Tips to Grow Pepper Plants in Garden Bed

In most American vegetable gardens bed, the popularity of peppers is second only to tomatoes, and the reason is easy to understand. Few vegetables provide so many versatility in terms of size, shape, color and flavor. In addition to familiar sweet peppers, you will also find a variety of varieties -some are sweet, some are hot, and some are both.

If you don't care about the taste of pepper, you can still plant their ornamental attributes. With its white flowers, colorful fruits and upright growth habits, pepper plants are as popular as in flower beds and borders as in the vegetable garden. In fact, many newer varieties are cultivated only to show off them

Botanical name:
Pepper (the most type of plant)
Pepper (the hottest peppers, including Habinro and ghost peppers)
Pepper (known for Tabasco Chili)

Area: He was born in areas 9-11, and in other places for a year.

High: It is usually 18 to 36 inches, except for low small varieties, with a height range of 6 to 12 inches.

Exposure: All daylight (6-8 hours a day)

Number of expiration days: Most sweet peppers mature 60 to 90 days after transplantation to the garden. Pepper may take up to 150 days to mature.

How hot? The thermal value is usually expressed as the Scovil heat unit (SHU), and the range from gentle (0 to 700) to volcanic (higher than 800,000! Most peppers are in moderate to heat. And fluctuations. They can even be different on the same plant. One kind of peppers taste hot, and the other is gentle.
garden beds
When to grow:
After all frost -dangerous past paste peppers, the weather continues to warm, and the soil temperature reaches at least 65 ° F. Before transplantation, increase time interval in outdoor hardening your pepper plants.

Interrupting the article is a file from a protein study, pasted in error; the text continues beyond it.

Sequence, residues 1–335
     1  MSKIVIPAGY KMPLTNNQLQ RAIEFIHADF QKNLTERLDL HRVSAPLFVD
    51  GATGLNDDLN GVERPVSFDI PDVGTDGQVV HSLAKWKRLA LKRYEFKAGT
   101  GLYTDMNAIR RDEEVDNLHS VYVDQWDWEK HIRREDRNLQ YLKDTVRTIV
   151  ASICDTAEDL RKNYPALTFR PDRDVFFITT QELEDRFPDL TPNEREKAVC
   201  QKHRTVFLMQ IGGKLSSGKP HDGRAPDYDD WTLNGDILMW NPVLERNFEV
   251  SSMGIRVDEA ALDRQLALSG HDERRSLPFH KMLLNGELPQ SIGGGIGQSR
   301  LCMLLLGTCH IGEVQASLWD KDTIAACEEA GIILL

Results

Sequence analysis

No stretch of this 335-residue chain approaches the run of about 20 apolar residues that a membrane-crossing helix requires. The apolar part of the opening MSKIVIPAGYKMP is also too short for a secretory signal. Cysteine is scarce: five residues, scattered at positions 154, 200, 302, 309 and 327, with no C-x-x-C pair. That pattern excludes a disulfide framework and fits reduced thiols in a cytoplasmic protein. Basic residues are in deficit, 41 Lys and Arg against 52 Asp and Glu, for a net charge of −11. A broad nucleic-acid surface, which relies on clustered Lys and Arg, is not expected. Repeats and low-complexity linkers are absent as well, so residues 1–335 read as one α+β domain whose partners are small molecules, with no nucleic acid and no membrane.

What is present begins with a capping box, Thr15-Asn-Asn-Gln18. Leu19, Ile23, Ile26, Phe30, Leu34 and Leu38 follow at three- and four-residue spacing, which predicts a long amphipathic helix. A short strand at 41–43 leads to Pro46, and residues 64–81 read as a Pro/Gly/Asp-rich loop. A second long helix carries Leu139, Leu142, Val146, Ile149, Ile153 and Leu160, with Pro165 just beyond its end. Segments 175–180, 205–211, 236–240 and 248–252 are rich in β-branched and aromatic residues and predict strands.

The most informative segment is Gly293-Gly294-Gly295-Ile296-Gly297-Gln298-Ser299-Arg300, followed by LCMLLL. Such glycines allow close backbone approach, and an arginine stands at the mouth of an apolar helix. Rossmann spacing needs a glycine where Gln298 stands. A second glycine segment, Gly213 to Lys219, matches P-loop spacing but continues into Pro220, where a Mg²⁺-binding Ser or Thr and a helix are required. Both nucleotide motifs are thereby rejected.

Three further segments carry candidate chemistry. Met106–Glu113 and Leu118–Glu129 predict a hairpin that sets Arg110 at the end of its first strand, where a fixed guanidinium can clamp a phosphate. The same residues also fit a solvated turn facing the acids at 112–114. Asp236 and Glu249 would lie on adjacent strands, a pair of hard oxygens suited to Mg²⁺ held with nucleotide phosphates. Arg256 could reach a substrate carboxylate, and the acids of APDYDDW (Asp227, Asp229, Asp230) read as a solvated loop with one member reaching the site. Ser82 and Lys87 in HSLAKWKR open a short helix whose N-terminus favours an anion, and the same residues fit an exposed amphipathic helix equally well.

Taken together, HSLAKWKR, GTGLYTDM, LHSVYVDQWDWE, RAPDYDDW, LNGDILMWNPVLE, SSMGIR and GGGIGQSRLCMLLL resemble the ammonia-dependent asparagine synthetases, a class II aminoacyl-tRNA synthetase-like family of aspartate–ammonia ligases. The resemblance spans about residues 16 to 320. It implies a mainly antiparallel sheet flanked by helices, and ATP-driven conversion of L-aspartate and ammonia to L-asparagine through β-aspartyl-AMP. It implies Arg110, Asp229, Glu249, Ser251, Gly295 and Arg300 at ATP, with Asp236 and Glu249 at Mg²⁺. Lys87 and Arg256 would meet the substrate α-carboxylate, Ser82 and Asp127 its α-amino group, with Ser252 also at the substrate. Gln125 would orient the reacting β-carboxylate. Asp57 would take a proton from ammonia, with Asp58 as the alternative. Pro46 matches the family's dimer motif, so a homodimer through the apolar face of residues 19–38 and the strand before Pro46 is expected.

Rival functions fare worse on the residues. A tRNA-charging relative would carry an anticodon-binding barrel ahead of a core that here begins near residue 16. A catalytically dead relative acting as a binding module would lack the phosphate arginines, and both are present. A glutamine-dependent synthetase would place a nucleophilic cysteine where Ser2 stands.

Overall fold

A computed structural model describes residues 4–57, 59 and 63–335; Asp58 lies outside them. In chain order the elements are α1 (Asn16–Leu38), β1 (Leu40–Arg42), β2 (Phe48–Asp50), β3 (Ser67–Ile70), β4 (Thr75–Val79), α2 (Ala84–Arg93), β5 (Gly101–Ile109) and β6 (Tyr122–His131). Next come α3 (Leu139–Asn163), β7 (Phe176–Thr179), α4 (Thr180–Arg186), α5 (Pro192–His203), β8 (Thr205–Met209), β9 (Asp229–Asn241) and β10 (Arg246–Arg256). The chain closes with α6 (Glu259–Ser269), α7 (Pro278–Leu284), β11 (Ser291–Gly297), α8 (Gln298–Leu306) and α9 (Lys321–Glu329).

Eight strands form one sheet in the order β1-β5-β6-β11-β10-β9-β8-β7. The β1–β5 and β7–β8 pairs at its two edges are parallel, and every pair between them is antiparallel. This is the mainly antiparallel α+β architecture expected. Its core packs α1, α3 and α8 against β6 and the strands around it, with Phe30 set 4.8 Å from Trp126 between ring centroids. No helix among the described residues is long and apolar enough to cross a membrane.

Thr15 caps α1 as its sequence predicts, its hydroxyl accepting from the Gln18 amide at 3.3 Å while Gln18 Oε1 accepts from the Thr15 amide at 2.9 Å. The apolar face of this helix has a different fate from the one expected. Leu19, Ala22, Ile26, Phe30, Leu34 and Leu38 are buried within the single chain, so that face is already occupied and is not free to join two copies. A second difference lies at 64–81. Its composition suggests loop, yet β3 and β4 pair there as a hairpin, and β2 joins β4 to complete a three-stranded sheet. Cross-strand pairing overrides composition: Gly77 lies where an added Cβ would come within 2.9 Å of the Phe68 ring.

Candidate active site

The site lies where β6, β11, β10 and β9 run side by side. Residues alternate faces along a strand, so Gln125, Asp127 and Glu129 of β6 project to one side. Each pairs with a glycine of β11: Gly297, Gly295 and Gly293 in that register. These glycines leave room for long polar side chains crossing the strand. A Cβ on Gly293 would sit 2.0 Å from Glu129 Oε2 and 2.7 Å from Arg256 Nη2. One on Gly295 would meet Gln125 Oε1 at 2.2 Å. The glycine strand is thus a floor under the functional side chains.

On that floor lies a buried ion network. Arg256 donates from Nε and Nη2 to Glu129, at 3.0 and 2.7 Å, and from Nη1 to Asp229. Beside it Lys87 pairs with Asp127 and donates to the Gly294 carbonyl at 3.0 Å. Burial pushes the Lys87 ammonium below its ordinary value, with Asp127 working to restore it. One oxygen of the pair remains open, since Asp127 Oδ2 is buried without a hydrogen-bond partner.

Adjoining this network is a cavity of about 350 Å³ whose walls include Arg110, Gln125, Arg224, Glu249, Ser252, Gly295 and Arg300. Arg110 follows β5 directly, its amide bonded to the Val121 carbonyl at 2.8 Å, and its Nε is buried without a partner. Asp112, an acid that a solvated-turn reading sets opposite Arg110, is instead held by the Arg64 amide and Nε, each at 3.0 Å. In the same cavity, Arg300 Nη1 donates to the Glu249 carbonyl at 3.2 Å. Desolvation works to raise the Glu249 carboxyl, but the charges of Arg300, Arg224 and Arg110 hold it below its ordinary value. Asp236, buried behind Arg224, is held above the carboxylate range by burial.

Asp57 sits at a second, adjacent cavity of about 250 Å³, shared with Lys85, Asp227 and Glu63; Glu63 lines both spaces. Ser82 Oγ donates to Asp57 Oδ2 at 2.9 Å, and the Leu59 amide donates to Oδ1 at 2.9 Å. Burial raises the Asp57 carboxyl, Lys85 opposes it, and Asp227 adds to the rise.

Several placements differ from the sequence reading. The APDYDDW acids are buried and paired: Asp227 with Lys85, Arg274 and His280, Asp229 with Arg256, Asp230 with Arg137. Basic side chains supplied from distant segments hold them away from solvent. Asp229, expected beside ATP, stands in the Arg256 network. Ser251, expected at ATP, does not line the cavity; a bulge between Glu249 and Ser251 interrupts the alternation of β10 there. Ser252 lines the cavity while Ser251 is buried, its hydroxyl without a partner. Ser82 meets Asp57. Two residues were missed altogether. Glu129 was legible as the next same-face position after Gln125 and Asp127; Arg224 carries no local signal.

Tips for cold climate planting:
Before planting, cover the soil with black plastic for at least one week, so as to quickly start soil warming.

Planting place:
Under sufficient sunlight (at least 8 hours a day), in the soil with rich nutrition and good drainage, it contains a large amount of organic matter.

How to plant:
Before planting, put some organic matter in the soil. Dig a deep hole to allow your plants to be the same as the level of the ground as the flower pot. Immediately after transplanting, water it. To help keep moisture and control weeds, cover a layer of chopped organic coverage on the soil around the plant.

Pepper plant spacing:
Space plants are about 18 to 24 inches apart, depending on their maturity.

Plant pepper seeds:
Start planting pepper seeds in the room 8 to 12 weeks before transplanting. Chili seedlings require warm soil temperature (about 80 ° F) to germinate. The average temperature during the day is 70 ° to 80 ° F, and the temperature at night is not less than 60 ° F. Keep the soil uniform and moist and provide sufficient light Sowing began) is also essential for making your seedlings a good start.
raised garden bed
Plant pepper in the flower pot:
Due to its upright and dense growth habits, pepper plants are very suitable for growing in containers -if your garden space is limited, this is a good choice. Choose a container to leave enough space for the development of the root system, and there is a well -drained with holes. Except for dwarf species, most plants need the smallest flower pot size of 5 gallons. Usually, the larger the fruit, the larger the pot.